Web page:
Learning to love the new me

July 19, 2021

By Sarah Miles

Monday July 6, 2020 is a day that will forever be ingrained in my memory.

I woke with an intense headache and loss of my peripheral vision. I passed off my vision issue as tired eyes and took a tablet to ease my headache. 

But when these problems lingered, I made an appointment to see my local GP. Then I visited an ophthalmologist, who performed a series of tests. It was there where the words ‘potential stroke’ were uttered for the first time. Stroke? That could not be right I thought. I am only 33.  

Hours later, I found myself in a hospital emergency department. I felt completely fine physically, but I was confused and baffled. I remember how incredibly overwhelmed I felt that I may have had a stroke. There were so many thoughts and feelings buzzing through my head.

It took multiple tests over several days to reach an official diagnosis:

Sarah, a 33-year-old female suffered an early onset Ischaemic Stroke (clot) to the Occipital Lobe, caused by a right vertebrae arterial dissection, resulting in a right Homonymous Hemianopia. 

Yep, it was terminology I quickly had to educate myself on (and everybody else). My life had been turned inside out and flipped upside down. 

Twelve months on and life has certainly been a journey!

I live in Melbourne and I only had two weeks to wrap my head around my diagnosis before the city was thrown into its second coronavirus pandemic lockdown.

This meant I had to home school our three children, look after our 6-month-old baby and tend to all the other day-to-day tasks around the home. I had no choice but to hit the pause button on my recovery.

There came a point when I realised I had to stop putting myself last and focus on my recovery. This was not easy. At times, it felt incredibly selfish. But I had to make my recovery my priority and goal for me and, in turn, my family. I’ve had to learn to get to know my altered-self (as I like to call it). This includes my new limitations, physically, mentally, socially, and emotionally. I have had to learn my weaknesses and triggers and work through dealing with them in a positive and productive way. 

I, like so many other stroke survivors in my position, have been left with an invisible disability. The struggles and frustrations are real, and I live my life one day at a time. I do my absolute best when I can. Some days I’m on top of the world and other days I am a mess, barely keeping it together.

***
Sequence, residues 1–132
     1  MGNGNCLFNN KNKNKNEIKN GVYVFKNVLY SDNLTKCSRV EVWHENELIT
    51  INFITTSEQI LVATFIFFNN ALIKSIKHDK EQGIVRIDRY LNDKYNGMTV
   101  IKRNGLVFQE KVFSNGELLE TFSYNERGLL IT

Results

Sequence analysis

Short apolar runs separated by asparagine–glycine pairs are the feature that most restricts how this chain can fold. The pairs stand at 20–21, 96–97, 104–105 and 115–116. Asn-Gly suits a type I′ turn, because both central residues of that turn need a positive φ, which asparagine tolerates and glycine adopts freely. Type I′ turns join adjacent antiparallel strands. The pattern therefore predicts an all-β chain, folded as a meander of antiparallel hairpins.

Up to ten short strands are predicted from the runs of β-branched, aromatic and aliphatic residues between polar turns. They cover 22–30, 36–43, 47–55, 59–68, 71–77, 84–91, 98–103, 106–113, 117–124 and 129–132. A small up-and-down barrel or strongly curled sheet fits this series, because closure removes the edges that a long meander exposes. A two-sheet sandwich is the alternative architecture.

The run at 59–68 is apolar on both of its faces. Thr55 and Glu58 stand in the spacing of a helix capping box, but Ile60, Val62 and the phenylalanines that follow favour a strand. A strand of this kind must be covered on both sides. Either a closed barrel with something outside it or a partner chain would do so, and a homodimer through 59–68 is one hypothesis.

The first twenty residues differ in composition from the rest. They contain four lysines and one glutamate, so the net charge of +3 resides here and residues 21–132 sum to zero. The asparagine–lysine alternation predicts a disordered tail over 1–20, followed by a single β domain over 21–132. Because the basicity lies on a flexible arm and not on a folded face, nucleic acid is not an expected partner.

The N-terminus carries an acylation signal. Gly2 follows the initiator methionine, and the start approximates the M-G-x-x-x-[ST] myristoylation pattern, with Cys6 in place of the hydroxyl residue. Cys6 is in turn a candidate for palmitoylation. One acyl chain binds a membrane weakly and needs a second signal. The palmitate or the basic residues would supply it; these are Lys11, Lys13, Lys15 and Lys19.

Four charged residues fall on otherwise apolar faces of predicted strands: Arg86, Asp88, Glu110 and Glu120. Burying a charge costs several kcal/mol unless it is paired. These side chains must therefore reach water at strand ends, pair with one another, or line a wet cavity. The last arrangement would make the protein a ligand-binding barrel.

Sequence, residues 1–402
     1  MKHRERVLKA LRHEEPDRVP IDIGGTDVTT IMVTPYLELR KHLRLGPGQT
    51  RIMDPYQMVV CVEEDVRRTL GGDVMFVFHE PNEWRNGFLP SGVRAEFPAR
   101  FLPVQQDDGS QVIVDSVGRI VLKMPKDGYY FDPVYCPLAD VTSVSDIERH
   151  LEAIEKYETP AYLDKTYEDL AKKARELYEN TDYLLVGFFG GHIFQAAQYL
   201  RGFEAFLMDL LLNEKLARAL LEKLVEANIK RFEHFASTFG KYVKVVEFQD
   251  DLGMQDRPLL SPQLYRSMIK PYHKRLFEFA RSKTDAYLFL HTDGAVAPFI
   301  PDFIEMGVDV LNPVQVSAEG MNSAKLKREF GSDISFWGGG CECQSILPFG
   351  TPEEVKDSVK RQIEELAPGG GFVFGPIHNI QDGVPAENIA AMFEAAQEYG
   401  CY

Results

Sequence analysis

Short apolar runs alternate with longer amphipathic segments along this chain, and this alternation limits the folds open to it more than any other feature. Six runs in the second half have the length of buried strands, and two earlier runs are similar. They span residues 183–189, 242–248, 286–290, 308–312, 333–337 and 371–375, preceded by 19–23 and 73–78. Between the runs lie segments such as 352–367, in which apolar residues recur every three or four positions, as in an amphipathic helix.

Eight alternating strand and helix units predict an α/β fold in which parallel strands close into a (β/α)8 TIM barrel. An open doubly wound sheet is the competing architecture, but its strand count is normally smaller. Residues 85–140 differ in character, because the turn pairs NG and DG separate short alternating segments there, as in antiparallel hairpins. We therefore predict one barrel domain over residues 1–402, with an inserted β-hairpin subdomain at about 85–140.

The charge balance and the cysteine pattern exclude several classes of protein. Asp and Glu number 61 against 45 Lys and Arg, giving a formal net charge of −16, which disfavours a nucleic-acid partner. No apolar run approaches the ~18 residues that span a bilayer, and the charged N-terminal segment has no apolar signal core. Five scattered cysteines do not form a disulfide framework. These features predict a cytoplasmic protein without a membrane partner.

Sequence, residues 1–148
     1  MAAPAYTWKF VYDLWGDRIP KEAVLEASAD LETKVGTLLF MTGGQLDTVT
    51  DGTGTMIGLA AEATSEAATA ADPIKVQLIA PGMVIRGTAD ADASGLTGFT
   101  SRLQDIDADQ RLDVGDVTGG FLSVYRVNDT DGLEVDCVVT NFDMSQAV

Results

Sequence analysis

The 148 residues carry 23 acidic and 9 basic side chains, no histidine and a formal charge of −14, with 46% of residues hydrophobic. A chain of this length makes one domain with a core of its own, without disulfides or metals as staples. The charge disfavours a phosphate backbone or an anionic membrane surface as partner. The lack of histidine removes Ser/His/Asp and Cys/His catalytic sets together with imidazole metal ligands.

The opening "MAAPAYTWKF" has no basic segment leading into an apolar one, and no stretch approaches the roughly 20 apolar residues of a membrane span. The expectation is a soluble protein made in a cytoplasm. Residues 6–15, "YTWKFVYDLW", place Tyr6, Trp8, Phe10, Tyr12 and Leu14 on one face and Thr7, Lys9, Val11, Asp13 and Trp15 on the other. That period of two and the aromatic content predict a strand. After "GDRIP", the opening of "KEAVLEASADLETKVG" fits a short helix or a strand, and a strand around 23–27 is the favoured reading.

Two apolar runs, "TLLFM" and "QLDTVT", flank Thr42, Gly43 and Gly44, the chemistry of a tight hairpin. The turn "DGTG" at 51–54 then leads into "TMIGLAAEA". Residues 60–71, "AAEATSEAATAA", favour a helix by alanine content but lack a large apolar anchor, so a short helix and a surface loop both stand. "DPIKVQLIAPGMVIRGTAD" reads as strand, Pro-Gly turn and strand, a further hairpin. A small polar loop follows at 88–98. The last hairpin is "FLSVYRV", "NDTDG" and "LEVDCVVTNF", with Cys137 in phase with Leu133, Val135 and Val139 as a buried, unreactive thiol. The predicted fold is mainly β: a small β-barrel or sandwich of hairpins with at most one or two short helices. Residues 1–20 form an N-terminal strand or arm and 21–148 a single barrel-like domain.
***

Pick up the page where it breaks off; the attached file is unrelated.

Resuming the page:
I’ve had to learn that not everybody is accepting or can accept my altered self. As heartbreaking as it has been, I am learning to let go and accept” their absence in my life.  It’s been a big part of my ongoing recovery, mentally. It has been important for me to allow myself the time I need to come to terms with every situation.

I now look for the good in people around me. Seemingly small gestures can make my day. Things like a sales assistant commenting on how well behaved my children have been, to the lovely gentleman down the street greeting me with a smile or the friend or family member who just called to see how I am. These are the people who make my days just that little bit easier. No amount of love and support for a struggling stroke survivor is too much or too little. It is wanted and most importantly, needed.

I have been so extremely fortunate to have a support network like no other. I focus my time and energy on those who have been there for me from the get-go. I try not to sweat the small stuff and remain as happy and as positive as I was before my stroke. Accepting my altered self” is not easy for everyone (myself included), but deep down my heart and soul remains the same. It has and always will remain full of love, un-altered!

These days I do what I can to help further educate family and friends, as well as the wider community, on the effects of stroke for individuals and also for their families and carers. While many people are aware of the most common signs of stroke, F.A.S.T. (Face, Arms, Speech, Time), my stroke demonstrates there are many other red flags like headaches and visual problems. 

Stroke does not discriminate, it can strike anybody of any age at any moment in time. I am incredibly lucky to be still living to tell the tale and spread further awareness.

Sarah sitting with her dog